Eczema types

Types of eczema

There are several eczema types. These include atopic dermatitis, hand eczema, contact dermatitis, seborrheic dermatitis, dyshidrotic eczema, nummular eczema. Terms “dermatitis” and “eczema” in medical context are used interchangeably.

Each type of eczema presents with slightly different rash and symptoms, even manifests on different body parts. Atopic dermatitis is the most severe form of eczema. Hand dermatitis affects only palms, fingers and the back of the hand. Contact dermatitis is caused by some allergic reaction to a foreign substance that body receives as a threat. Dyshidrotic eczema occurs as small blisters on skin, usually on palms and feet. Despite the fact that eczema may affect different body parts, principles of its treatment remain the same.

Facial eczema

Eczema on face is not a separate type of eczema; this term only describes localization of the disease. Several types of eczema can affect facial area, for example, atopic dermatitis, seborrheic dermatitis etc. It is of crucial importance to know how to treat eczema on face properly and follow your dermatologist’s instructions, because face is very important tool for social interactions. Treatment usually involves topical corticosteroids; in severe cases, oral steroids are needed. Baby facial eczema is treated the same way, although infantile eczema may disappear spontaneously without any treatment. Eczema can manifest on various facial areas. For example, it can appear around the mouth. This condition is called perioral dermatitis (“perioral” means “around the mouth”). This disease is commoner in women and small children. Origin of it is not fully understood.

Mild facial eczema can appear as facial dryness and itchy feeling. In order to manage this condition, it is important to maintain your skin barrier by providing proper daily skin care. Facial eczema treatment involves topical corticosteroids and skin moisturizers.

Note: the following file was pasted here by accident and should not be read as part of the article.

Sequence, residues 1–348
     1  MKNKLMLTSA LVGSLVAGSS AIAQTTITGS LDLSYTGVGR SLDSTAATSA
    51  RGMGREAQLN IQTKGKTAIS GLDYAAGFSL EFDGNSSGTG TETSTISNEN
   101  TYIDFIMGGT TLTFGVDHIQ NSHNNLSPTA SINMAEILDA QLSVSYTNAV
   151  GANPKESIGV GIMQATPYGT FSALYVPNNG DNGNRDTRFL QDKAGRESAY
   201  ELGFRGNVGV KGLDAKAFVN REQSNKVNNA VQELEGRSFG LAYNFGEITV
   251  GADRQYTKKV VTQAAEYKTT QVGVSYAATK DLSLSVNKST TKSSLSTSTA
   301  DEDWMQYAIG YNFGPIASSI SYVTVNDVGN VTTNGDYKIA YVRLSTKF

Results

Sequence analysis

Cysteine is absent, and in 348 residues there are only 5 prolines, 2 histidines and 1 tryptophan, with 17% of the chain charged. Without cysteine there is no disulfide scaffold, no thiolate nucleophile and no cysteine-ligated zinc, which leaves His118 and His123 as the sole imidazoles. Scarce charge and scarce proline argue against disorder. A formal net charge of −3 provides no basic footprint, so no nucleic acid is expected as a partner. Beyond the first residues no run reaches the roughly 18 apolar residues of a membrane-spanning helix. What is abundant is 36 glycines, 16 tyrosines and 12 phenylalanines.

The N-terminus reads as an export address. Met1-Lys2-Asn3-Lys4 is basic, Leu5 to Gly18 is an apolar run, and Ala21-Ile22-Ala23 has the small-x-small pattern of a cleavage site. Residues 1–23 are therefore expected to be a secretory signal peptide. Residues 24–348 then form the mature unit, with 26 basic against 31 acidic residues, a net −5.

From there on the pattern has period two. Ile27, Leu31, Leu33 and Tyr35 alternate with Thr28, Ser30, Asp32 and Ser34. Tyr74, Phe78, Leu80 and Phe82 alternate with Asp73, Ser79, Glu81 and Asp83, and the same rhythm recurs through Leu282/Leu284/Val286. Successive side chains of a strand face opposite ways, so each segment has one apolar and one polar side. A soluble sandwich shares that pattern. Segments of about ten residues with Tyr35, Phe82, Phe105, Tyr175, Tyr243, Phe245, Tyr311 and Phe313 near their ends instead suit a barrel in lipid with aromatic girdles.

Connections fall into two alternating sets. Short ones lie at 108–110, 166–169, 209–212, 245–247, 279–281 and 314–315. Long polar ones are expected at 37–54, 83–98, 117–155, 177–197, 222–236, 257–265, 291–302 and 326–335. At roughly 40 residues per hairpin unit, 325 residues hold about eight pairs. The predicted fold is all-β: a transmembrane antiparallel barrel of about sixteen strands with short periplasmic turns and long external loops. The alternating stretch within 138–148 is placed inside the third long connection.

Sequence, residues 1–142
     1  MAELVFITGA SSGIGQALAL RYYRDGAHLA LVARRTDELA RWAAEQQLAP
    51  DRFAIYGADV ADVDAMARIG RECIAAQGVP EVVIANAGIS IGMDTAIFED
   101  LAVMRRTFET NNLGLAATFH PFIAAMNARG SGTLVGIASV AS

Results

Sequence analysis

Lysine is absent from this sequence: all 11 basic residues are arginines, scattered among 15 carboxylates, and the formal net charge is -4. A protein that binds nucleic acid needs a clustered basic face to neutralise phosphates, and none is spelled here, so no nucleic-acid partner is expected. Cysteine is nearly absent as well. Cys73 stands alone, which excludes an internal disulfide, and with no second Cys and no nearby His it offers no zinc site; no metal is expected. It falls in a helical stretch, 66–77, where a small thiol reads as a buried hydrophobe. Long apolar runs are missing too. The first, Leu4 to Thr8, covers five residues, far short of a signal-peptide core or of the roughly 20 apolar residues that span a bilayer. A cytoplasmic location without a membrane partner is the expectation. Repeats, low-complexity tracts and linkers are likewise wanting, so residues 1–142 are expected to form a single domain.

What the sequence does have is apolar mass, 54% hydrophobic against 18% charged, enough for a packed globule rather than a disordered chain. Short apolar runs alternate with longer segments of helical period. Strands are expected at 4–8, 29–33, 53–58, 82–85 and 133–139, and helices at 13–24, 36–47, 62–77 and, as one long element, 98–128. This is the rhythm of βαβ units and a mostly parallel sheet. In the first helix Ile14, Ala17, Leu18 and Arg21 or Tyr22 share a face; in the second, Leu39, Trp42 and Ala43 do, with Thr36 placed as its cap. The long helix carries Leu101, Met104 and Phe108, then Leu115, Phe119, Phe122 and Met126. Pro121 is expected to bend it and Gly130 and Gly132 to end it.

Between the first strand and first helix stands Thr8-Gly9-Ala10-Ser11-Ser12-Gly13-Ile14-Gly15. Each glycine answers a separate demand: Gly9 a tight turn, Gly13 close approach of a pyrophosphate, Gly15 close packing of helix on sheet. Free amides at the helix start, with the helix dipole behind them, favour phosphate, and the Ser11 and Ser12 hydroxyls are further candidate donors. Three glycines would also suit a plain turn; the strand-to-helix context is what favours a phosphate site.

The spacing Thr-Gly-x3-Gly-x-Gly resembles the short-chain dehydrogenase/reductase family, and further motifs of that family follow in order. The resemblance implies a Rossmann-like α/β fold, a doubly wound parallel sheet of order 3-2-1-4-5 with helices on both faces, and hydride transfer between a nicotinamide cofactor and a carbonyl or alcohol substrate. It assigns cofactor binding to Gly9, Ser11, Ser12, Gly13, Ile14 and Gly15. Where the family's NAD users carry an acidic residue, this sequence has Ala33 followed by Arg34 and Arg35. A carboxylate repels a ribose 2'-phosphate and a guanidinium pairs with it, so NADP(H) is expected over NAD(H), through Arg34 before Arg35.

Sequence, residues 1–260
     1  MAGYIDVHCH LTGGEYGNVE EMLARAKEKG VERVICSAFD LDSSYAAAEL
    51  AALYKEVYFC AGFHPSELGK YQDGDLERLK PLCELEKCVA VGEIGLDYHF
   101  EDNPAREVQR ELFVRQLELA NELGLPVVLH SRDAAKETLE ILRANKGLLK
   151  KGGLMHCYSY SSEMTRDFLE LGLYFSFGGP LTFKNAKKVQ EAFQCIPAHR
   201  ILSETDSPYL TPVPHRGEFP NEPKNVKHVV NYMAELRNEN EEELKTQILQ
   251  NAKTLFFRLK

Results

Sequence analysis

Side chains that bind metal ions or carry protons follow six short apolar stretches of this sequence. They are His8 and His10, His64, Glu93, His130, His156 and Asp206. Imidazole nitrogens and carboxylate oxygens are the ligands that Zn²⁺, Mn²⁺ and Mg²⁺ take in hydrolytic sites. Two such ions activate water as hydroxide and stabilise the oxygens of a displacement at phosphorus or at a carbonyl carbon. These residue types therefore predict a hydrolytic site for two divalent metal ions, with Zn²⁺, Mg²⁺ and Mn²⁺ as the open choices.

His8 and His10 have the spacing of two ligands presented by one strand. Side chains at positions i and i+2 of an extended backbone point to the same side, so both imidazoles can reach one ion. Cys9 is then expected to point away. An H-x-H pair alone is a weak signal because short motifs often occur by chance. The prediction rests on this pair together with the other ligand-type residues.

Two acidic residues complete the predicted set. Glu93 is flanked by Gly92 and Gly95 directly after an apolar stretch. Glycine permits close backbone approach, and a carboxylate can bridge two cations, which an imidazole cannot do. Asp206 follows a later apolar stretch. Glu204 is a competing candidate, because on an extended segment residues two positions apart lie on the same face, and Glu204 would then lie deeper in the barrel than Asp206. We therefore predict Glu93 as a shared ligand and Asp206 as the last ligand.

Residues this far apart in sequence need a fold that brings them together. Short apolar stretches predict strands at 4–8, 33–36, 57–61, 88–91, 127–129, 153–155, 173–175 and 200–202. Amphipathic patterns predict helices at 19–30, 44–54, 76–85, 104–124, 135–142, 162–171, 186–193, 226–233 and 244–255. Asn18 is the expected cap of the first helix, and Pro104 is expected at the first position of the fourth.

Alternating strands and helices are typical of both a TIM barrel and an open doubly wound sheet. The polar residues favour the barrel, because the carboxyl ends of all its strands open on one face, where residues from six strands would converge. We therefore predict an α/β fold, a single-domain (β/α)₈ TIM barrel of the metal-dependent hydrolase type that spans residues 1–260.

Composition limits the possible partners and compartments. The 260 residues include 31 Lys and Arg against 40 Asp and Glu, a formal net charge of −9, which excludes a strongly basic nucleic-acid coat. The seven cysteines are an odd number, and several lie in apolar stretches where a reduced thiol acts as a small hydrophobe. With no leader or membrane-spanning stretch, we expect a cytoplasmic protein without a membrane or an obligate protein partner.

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Auricular eczema

Ear eczema can affect ear lobes, conchal bowl, meatus, and ear canal. This condition may lead to severe complications, for example, inflammation of ear canal. Atopic eczema often affects the skin around ears, usually the juncture between face and ear lobe. Seborrheic eczema can also manifest in ears. It usually causes scaling and redness in external ear canal. Asteatotic eczema is more common in elder people and can lead to eczema in ear as well. The treatment for ear eczema involves skin moisturizers and topical steroids.

Eczema on feet

Dyshidrotic eczema often manifests on feet. Blisters develop on feet and palms. These blisters cause great discomfort because of itch. Such lesions may be filled with liquid. Blisters usually last from two weeks to one month. Although the exact cause of the disease is unknown, it is thought that stress and allergies can cause breakouts of dyshidrotic eczema. Some of these blisters can be painful, so you may need to consult a dermatologist on how to alleviate these symptoms. The condition is diagnosed by careful examination. In severe cases, a skin biopsy is performed to distinguish the condition from other diseases, which manifest in similar rashes.

Breast eczema

Breast eczema usually affects nipples and areolae. It is quite common in breastfeeding mothers and joggers. It manifests as itchy rash, which in some instances might be painful.